Stages: To long for, to cry, to pray: spend time with Jesus. To try, to toil, to fight as part of the interior journey, fighting with one’s temptations, for instance, or they will fight with others.  To Trust, to trust, to trust: God is the one who will lead us.  Patiently follow God’s will, die to oneself, denying oneself: what God’s purpose for me is central for my life. To fear for oneself, to be suspicious about oneself. The main responsibility for discerning one’s vocation is the candidate himself, create an atmosphere of trust.  Sincerity is very important.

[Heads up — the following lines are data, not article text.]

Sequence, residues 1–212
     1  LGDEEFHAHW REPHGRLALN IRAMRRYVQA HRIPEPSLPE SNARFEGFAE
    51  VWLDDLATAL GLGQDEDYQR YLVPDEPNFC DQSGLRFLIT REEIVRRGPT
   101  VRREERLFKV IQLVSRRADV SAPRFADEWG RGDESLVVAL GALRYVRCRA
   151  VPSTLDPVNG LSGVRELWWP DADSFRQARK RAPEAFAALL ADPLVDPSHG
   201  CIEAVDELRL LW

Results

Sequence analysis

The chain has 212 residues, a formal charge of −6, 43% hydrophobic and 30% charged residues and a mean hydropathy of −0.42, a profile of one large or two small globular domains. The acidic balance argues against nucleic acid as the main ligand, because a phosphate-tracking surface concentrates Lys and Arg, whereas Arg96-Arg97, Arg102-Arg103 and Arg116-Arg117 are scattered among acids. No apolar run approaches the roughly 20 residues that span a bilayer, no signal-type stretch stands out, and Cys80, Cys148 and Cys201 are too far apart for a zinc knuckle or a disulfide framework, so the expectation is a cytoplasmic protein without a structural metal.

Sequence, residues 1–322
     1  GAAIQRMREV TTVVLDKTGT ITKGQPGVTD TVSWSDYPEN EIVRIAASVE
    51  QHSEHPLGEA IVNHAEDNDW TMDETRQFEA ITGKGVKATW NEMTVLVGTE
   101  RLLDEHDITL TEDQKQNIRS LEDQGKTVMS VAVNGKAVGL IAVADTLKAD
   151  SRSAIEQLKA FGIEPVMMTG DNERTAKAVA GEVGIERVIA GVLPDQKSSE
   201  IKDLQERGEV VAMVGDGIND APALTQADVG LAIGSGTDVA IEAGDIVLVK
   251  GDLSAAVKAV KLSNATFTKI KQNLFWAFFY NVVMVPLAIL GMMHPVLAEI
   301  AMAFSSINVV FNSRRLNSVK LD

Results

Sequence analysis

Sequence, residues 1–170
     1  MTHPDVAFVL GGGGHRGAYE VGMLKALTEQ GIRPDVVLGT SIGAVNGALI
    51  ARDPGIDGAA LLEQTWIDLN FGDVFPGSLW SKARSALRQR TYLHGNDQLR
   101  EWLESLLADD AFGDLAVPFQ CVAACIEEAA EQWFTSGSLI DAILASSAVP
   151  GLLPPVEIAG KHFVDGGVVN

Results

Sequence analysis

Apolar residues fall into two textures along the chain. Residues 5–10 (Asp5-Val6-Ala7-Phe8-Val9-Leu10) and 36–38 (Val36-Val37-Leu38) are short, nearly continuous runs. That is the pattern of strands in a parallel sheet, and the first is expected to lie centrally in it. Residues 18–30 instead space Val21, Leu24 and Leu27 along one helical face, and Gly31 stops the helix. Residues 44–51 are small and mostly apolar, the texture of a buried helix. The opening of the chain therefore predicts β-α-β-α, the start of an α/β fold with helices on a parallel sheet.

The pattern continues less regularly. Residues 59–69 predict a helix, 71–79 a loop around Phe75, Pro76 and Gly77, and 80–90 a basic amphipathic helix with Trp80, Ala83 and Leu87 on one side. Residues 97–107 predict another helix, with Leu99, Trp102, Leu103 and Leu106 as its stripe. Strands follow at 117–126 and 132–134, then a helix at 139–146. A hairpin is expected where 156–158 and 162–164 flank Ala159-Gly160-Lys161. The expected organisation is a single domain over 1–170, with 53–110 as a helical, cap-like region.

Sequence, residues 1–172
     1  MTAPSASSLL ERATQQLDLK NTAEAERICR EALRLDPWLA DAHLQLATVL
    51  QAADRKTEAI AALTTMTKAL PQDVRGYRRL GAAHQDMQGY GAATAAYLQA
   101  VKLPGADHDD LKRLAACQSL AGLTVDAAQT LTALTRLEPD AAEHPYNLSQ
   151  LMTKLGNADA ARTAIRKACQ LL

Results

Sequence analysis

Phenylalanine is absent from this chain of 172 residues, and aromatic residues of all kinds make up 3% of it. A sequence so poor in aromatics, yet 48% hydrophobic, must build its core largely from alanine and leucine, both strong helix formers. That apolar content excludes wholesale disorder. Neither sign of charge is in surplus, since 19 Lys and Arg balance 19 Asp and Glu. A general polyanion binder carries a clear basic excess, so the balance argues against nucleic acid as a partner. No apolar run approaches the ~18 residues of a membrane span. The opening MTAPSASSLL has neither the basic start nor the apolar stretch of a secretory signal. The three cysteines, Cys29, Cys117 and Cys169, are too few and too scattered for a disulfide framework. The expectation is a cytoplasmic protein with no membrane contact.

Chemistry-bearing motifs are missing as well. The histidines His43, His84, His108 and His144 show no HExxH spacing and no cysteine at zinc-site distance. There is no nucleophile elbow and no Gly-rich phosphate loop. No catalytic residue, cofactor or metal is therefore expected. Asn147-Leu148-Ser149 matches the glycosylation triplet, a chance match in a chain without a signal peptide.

1. A Candidates Suitability and possible Disorders: The church has the right to decide the suitability of a candidate. Physical Health: if they have diseases they need to be examined.  Are they overweight?  Are they diabetic?  Mental Health: the Ratio (191) indicates the need to avoid certain pathologies such as paranoia, schizophrenia, bipolar disorders, some sexual preferences, etc.  Personality Disorders: this is something integrated in the person. Disorders are serious and appear in late childhood; they are permanent. They very likely won’t be able to build a priesthood or brotherhood identity.  For instance Dependent Personality Disorder (DPD) when they can’t make decisions on their own; Passive Aggressive Personality won’t say what they disagree with but will talk about people behind their back. Narcissistic Personality likes to show off and destroy everyone in their world and those who disagree with them. Schizoid Personality Disorder (SPD); Antisocial Personality Disorder (APD) need to have their needs satisfied; Obsessive-compulsive people will never be free; Paranoid Personality Disorder (PPD) thinks that everyone is against him and finds conspiracy everywhere. Borderline Personality Disorder (BPD) are unsure about their personality and avoid loneliness and are impulsive about money, sex, etc.  It is important to notice these in seminarians in order to help them discern.  Homosexual Tendencies: When these are deeply rooted we need prudence to discern.  Special care needs to be given to candidates who have: Problems in a candidate’s family life such as alcoholism; Adult children from divorced families, it is more and more a problem because they are afraid to lose someone and can’t trust superiors; Families that neglect its members where these parents just can’t care for their kids or kids who are spoiled and don’t feel a parent’s love; Neurosis of various kinds; Depression consists of many problems and the person can’t be happy about anything, they are constantly irritated.  Sexual Problems: Pathological Masturbation, Addiction to Pornography, Candidates who were sexually abused: they have struggles with sexual identity and they need help from experts; Proselytes who have separated themselves from Christ and now want to rediscover Christ; give them time to re-establish themselves.  Shiftless (lazy or lack of ambition); A feeling of loneliness and look for a group to fill this void in their lives. Discern with God’s help if this person can be a mature member of the Congregation.  Help men to discern; they must be free and on fire with the love of grace of Christ which acts and builds on nature.